July 28, 2020

From Gerald R. Lucas
(Redirected from Europa and Jove)
'Coast Scene with Europa and the Bull', oil on canvas painting by Claude Lorrain.jpg
Europa and Jove
By: Ovid from book 2 of the Metamorphoses[1]

And when he[2] was in heaven once again,
his father, Jove, draws him apart and says
(though not revealing to his son the cause
for all of this—that is, the call of love):[3]
“My son, who always faithfully fulfills 5
whatever I may ask, do not waste time;
glide down to earth—be swift as usual—
and find the land from which your mother’s star[4]
is seen on high along the left-hand skies
(the men who live there call that country Sidon).[5] 10
You’ll see a herd (the king’s own cattle) grazing
far off, on a green hillside; drive that herd
down to the shore.”
He spoke—at once his words
were acted on: the herd was headed shoreward.
That beach was where the daughter of the king, 15
Europa, always played with her companions.

Now, majesty and love do not go hand
in glove—they don’t mix well.[6] And so, great Jove
renounced his solemn specter: he—the lord
and father of the gods—whose right hand holds
his massive weapons,[7] three-pronged lightning bolts, 20
the king whose simple nod can shake the world—
takes on the semblance of a bull; among
the herd he lows; he mingles with the heifers;
he roams the tender grass—a handsome presence.
He’s white—precisely like untrodden snow, 25
like snow intact, untouched by rainy Auster.[8]
His neck has robust muscles; from his shoulders,
his dewlap hangs. His horns, it’s true, are small,
but so well wrought, one would have thought a craftsman
had made them; they were more translucent than 30
pure gems. His brow has nothing menacing;
his gaze inspires no fear. He seems so calm.[9]

Agenor’s daughter stares at him in wonder:
he is so shapely, so unthreatening.
At first, however, though he is not fierce, 35
she is afraid to touch him. Then she nears,
draws closer, and her hand holds flowers out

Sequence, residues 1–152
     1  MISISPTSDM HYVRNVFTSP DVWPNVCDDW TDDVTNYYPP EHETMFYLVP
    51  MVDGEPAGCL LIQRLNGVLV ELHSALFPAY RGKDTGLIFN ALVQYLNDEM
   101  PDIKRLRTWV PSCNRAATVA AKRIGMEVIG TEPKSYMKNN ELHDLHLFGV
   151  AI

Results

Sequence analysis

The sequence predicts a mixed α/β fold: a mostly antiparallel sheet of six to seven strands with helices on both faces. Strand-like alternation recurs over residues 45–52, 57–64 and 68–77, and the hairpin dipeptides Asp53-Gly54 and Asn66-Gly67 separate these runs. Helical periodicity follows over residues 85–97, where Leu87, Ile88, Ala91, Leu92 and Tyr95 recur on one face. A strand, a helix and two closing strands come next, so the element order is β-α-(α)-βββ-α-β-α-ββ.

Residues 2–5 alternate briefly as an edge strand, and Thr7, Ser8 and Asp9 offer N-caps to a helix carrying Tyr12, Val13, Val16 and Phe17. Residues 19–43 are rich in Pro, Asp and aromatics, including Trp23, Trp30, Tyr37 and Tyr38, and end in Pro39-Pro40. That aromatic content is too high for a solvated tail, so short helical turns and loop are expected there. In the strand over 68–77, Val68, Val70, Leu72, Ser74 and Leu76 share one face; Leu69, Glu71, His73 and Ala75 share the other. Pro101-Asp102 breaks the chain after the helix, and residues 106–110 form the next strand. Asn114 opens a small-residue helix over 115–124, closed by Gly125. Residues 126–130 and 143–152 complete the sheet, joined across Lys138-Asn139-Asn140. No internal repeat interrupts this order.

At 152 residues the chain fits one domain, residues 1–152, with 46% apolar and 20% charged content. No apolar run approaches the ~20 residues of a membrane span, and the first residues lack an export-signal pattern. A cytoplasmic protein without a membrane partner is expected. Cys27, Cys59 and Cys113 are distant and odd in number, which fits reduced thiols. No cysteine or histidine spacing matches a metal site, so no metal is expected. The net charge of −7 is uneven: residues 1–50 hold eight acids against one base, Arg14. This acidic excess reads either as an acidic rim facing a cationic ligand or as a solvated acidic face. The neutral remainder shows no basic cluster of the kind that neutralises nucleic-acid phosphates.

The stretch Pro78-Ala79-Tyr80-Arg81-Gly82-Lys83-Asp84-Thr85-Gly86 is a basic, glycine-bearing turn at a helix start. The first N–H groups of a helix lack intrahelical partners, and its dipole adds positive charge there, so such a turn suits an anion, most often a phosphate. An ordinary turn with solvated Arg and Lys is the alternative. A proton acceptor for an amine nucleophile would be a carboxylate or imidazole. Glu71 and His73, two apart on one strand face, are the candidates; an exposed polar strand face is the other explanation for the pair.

to his white face. Delighted, as he waits—
a lover—for still other, greater joys,
he kisses her fair hands—no easy test 40
to check his eagerness, delay the rest.[10]
And now the great bull sports along the grass,
and now he stretches snow-white flanks along
the golden sands.[11] Her fear has disappeared,
and now he offers to the girl his chest, 45
that she might stroke him with her virgin hand;
and now his horns, that she might twine them round
with garlands.[12] At a certain point, Europa
dares to sit down upon his back: the girl
is not aware of what he is in truth. 50
And then, as casually as he can,
the god moves off, away from the dry sands;
with his feigned hooves, he probes the shallows, then
advances even farther; soon he bears
his prey[13] out to the waves, the open sea. 55

Europa now is terrified; she clasps
one hom with her right hand; meanwhile the left
rests on the hull’s great croup.[14] She turns to glance
back at the shore, so distant now. Her robes
are fluttering—they swell in the sea breeze.[15] 60


  1. Ovid (1993) [8]. The Metamorphoses of Ovid. Translated by Mandelbaum, Allen. New York: A Harvest Book. pp. 71–73.
  2. Mercury, the son of Jove and the gods’ messenger.
  3. Always be wary when Ovid mentions love—he usually means lust, something certainly not spiritual, but a manifestation of an urge or desire. In fact, Jove seems to be the horniest god of them all, frequently unable to control himself.
  4. Maia is the mother of Mercury and one of the Pleiades.
  5. One of the principle cities of Phoenicia, or Lebanon.
  6. Lust, then, deflates nobility: a common theme in Ovid. Here, Jove renounces his responsibility to take the shape of a bull, metaphorically deflating himself to a base animal.
  7. You can’t help but read these lines as phallic, but these “massive weapons” are soon exchanged for baser (and smaller) “horns”, line 28 below.
  8. The south wind, bringer of the rain. See Anemoi.
  9. The deception is sinister. On one hand, Jove had lowered himself almost comically here as he acts more like a steer than a bull, but on the other, his calm visage hides a more sinister power. This foreshadows the terror that awaits Europa.
  10. Jove can barely contain himself. Again, this theme runs throughout the Metamorphoses: the delicate façade that hides a menacing desire underneath. Reality seems to exist in impulse, rather than the polite veneer we try to hide it with. “The rest” will be Europa’s abduction and probably rape.
  11. This whole show is like a mating dance; the fact Jove is a bull makes it more humorous, but it should seem familiar to more decorous rituals of humans.
  12. Jove presents himself to her, eagerly wanting her to touch his horns. Yes, the imagery is not subtle here.
  13. Indeed, Ovid explicitly makes his judgment here with this word: Jove is the predator and Europa is the prey. This theme of hunter/hunted also runs throughout the Metamorphoses.
  14. His butt, or rump.
  15. The abduction here becomes a metaphor for a successful seduction. Europa is now lost to what is familiar, much like Io was.